Meet our COVID-19 “Swabbers”, the faces behind the PPEs


From all COVID-19 operations in the frontline, this particular group known inside the Ministry of Health as “The Swabbers” are the most at risk group of people to contract COVID-19. Why?  They literally had to breach one of the fundamental key COVID-19 public health measures, social distancing of at least one meter, in order to perform their duty to collect swab samples for COVID-testing.

Swabber and receiver in position ready swab collection.

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Around the world these group of people continue to make critical sacrifices to their countries for the sole purpose of swiftly detecting COVID-19 for necessary and appropriate actions by the state to contain and manage virus. Similarly, in Solomon Islands, the work of swabbers, since the restricted opening of our borders for repatriation flights, they too have performed this critical role.

It has, been over a year now since health collected the first swab from the first repatriation flight to Honiara in March 2020, and until to date, there has not been one single swabber, let alone the rest of the frontline workers, contracting the virus from new arrivals into the country.

This speaks volumes, not only on the stringent measures, infection, prevention and control measures and effective standard operating procedures in place but also strict observation and adherence to these measures, protocols and procedures by the swabbers.

Swab member-extracting sample via nostril

Member of the Swab team Ms. Sally Fakatonu explained that every morning we had to go through our schedules for swabbing at the quarantine stations, pre-departures, suspect cases etc. for the day and depending on risk levels, we then wear the appropriate level of Personal Protective Equipment (PPEs).

“So for instance, with arrivals from high risk countries we will wear level 3 PPEs which comprised of full body cover, gloves, face masks and shields to collect swabs”, said Ms Fakatonu.

“For high and low risk flight we collect swabs on 48 hours upon arrival, 5 to 10 days of quarantine, 12 to 14 and only with high risk flight we conduct one additional swab on day 19 to 21 days of quarantine, due to their extended stay in quarantine”, she further added.

Bartholomew Anga another swab team member outlined the process involved in collecting the swabs.

 “After wearing our protective gears, we move within a meter to the subject and stick in the swab stick through the nostril, few twists of the stick as part of collecting the samples. We then remove the stick turn and hand over to one of our members; the swab receiver then places the sample inside the test tube ready for transportation to the Molecular Laboratory for testing”.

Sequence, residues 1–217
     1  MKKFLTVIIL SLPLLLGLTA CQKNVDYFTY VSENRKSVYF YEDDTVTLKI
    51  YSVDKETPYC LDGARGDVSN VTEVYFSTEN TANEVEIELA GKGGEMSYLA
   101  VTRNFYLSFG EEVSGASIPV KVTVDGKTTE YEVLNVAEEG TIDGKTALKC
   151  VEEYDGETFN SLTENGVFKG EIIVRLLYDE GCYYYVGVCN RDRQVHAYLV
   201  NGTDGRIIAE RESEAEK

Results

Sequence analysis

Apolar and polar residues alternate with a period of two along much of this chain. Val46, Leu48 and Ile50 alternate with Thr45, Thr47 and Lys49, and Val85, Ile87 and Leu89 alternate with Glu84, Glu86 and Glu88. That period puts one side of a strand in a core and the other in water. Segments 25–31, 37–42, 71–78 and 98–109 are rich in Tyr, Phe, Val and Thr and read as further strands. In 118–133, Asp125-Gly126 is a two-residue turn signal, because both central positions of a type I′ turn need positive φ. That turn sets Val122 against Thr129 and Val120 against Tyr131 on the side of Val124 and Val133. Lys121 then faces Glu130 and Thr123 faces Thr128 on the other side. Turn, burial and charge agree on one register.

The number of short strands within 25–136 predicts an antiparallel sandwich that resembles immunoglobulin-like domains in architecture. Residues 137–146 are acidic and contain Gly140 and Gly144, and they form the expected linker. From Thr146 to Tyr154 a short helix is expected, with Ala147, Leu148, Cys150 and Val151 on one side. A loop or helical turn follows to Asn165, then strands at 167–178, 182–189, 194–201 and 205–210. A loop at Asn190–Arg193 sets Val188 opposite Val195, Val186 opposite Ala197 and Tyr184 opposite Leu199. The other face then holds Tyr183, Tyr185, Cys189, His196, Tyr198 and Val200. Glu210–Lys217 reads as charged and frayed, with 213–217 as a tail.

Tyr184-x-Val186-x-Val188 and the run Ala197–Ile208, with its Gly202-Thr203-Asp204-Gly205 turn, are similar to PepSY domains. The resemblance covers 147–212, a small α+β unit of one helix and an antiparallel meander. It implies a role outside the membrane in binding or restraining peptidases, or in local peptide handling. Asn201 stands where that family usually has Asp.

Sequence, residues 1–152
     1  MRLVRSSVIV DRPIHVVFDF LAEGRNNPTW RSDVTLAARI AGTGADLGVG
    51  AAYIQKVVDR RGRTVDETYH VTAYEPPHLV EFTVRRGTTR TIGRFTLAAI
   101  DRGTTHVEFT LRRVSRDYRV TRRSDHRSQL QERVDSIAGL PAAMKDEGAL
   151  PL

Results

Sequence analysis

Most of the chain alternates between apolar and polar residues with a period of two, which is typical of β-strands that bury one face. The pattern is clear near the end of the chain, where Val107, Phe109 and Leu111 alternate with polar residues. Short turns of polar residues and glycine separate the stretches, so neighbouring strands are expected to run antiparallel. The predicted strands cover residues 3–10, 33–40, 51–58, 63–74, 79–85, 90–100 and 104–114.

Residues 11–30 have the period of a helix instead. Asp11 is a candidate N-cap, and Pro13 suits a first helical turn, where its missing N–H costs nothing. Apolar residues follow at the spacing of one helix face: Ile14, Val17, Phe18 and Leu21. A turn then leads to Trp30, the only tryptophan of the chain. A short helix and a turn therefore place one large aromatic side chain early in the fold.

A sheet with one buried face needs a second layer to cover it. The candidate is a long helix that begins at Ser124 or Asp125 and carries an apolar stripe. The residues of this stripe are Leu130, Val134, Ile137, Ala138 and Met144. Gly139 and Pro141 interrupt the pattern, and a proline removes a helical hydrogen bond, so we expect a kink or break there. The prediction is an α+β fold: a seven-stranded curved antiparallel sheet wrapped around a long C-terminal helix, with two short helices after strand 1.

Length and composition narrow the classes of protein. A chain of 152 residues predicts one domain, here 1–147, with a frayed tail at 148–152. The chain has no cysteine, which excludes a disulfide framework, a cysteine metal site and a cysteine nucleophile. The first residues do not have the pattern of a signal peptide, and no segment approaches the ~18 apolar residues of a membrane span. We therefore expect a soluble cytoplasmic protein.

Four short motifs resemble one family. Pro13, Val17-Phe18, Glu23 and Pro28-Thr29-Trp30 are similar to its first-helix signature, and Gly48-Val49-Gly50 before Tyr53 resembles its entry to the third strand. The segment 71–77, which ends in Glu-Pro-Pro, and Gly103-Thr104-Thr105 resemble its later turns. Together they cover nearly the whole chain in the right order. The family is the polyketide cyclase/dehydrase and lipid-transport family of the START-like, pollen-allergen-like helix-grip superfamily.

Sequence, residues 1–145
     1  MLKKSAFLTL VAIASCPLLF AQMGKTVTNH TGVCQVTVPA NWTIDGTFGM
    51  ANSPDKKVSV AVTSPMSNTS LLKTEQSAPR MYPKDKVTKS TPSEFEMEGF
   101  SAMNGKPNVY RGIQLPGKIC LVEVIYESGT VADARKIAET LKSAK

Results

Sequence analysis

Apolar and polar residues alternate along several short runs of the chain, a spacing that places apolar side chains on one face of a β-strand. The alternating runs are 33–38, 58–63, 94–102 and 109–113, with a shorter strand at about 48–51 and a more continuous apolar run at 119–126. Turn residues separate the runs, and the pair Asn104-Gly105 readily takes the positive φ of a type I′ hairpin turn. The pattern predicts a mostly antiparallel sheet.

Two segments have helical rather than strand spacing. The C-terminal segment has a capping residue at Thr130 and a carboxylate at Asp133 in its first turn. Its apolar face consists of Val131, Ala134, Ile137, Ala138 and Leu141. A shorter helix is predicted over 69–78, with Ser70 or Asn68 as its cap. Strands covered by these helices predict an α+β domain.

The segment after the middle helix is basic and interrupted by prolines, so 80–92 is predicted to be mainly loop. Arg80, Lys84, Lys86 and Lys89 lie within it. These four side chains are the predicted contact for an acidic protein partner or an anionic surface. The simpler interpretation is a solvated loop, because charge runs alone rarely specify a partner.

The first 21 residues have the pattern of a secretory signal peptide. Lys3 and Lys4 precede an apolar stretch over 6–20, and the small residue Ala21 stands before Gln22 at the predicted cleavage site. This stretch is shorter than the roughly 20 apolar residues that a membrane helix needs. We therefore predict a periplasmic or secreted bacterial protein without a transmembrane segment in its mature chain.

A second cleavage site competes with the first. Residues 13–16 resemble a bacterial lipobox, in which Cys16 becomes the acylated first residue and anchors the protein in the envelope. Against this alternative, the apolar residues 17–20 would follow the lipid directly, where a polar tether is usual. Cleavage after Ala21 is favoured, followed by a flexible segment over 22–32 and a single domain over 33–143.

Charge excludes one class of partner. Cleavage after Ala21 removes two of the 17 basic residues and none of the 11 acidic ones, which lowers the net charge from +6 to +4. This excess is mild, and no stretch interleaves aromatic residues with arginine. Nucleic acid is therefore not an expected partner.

Barbara Quiro, team lead for the swab team at the MHMS Surveillance department said that since swabbers breach the social distancing health measure and IPC measures, swabbers are being observed carefully in each step of the swab process by team lead, which includes herself. If the test returned positive, then the National Infection, Prevention and Control (NIPC) team of health will conduct a risk assessment to the swabbers.

Barbara Quiro explain the swab work -flow.

“Swabbing team has a standard workflow in all quarantine stations where swabbers has their own task during the process to avoid been cross over to other task during swabbing time. All has to practice IPC measures and do buddy system approach to all team members during the process of swabbing and collection of specimen.”

These assessment forms replicate the standard WHO risk assessment forms such particular processes.

To date there has not been any breaches with our swab team, all continuously passed the risk assessment and NIPC assessment for all 20 COVID-19 cases registered in Solomon Islands.

Overall, this group of frontliners continue to do their duties with due diligence, commitment and dedication. To date around 14,000 swabs have been collected and this is for COVID-19 testing ranging from quarantine testing, pre-departure test, tests at points of entry, surveillance, clinically suspected cases, contact tracing and so forth.  

Thus, whenever you come across them along the street thank them and respect them as they are the ones serving in our frontline risking their health and lives for the protection of our country against the global pandemic, COVID-19. We should never stigmatize them for their work in risky settings to keep our country safe.

Their only message to the public is, “we are very pleased to have served you since the commencement of our repatriation program and we kindly ask all persons 18 years to come forward and get your COVID-19 vaccination dose once it is available in your areas”.

Get your COVID-19 vaccination jab and lets all protect ourselves, your families and our country.

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